Some genealogical speakers bring products to sell when they speak. There are a few challenges. They have to sort out local sales taxes and things like that. But it can prove a lucrative revenue stream especially if the products are your own. One speaker who does this is Dr. Penny Christiansen, a colleague at the National Institute for Genealogical Studies. Penny has written umpteen books on genealogy topics, published by Heritage Productions in Toronto.
Books are not the only products offered by speakers. I have seen CD-ROMS, DVDs, and even T-Shirts!
This is an interesting group. An assemblage of some of the most talented speakers in genealogy in North America who band together to reach the following objectives:
While looking for something else on the web I stumbled on an interesting site regarding the use of short case studies or case histories for promotional use. I began to wonder if the tips on writing them could help us fine tune our case studies for classroom and workshop use. Take a look at this item from Wordbiz Report and see if you can use the tips in this and linked articles to write a simple, short case study based on one of your own research bluders, challeges or problems. Leave the solution open, posing some sort of open-ended questions. Remember, short case studies bear a resemblance to those word problems we got in arithmatic class in 5th grade.
Regular readers will note I am getting you to learn by doing! Like a good facilitator, I hope.
My local public library has a “writer in residence” for 6 months every other year. They also have a “Critic in Residence” at the library art gallery. These individuals meet with local writers and artists and coach them in improving their literary or artistic work. The library pays them to do a certain number of educational programs, and to have “office hours” for writers or artists to come in and discuss their work.
Would you like to be a “genealogist in residence” at a library near you? Its a new idea and you may not sell them on a month, let alone 6 months, but to the right person they might just pay a professional genealogist to teach and consult with patrons for a week.
Go and discuss it with your librarian and report back.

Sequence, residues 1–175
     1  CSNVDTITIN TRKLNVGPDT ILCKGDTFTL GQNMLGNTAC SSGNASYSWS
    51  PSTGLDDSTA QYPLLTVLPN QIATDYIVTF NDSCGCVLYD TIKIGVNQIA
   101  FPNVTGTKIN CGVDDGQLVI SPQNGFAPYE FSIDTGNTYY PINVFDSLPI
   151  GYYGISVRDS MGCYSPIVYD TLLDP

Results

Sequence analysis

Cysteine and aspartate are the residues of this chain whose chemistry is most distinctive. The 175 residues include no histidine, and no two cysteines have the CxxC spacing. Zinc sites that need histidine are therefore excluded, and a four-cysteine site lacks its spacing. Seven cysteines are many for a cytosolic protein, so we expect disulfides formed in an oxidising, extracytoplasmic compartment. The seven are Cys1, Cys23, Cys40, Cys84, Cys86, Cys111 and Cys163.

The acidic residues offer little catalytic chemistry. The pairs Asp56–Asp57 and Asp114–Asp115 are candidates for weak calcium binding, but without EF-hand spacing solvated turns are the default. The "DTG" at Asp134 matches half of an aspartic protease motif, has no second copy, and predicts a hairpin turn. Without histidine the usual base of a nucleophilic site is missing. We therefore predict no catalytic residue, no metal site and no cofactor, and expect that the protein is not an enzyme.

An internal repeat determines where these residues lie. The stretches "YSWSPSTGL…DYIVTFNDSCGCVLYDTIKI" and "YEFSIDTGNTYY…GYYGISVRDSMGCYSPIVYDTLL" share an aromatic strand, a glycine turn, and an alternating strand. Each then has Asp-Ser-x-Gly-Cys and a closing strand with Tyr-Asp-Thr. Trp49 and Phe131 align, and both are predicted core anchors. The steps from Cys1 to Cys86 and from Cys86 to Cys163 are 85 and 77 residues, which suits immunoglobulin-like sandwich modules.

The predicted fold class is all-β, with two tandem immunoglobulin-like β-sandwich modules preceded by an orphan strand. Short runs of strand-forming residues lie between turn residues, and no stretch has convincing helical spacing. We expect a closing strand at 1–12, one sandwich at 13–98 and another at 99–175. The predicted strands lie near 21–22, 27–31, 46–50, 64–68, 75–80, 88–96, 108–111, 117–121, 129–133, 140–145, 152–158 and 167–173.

Looking for a text book for an advanced level genealogy class? There are of course a number of great books out there but the other day I was reflecting on one such book, by Karen Clifford.This book was written for a purpose… Continue reading
You may note that on the bookshelf behind me in the photo, there are books. Very perceptive of you. Most of them are NOT genealogy books, but books on local history, and books on methodology in local history. Many of my ideas for lectures, workshops and articles come from taking ideas from academic historians and public historians and applying them to genealogy education. So what’s on that shelf? Continue reading
When each of our students’ ancestors seems as different as one leaf is from the next, we often need to devise learning activities all can do that give practical experience. Error recognition exercises are good examples of controlled practical experience. We all make mistakes, but if we know what we are doing ( i.e. if we are competent) , we recognize those errors. So we can pre-test for competence by asking people to look at flawed examples and offer corrections. For example Continue reading
If you are thinking about designing a module for web-based instruction, its useful to look at other examples, work them through and articulate your thoughts on them. Besides its good self-directed learning while you do it. We previously suggested you look at Continue reading
I have been consulting with genealogists several evenings a week for about three years now and I’ve started to notice a few weaknesses in their education. Here is one that was a weakness of my own for some time. Continue reading
How do you judge the quality of free instruction on the web? Good question. You might go take a look at a couple of sites and see what others have done before you create your own on-line education. Debbie Duay mentioned one such site the other day on the list, Librarians Serving Genealogists. She described it as follows: